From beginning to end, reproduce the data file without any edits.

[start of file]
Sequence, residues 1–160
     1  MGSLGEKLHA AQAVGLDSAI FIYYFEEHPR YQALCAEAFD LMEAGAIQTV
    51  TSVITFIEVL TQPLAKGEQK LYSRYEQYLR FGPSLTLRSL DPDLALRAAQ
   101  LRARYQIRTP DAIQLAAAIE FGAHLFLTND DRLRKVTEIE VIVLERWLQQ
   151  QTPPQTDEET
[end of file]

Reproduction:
Sequence, residues 1–160
     1  MGSLGEKLHA AQAVGLDSAI FIYYFEEHPR YQALCAEAFD LMEAGAIQTV
    51  TSVITFIEVL TQPLAKGEQK LYSRYEQYLR FGPSLTLRSL DPDLALRAAQ
   101  LRARYQIRTP DAIQLAAAIE FGAHLFLTND DRLRKVTEIE VIVLERWLQQ
   151  QTPPQTDEET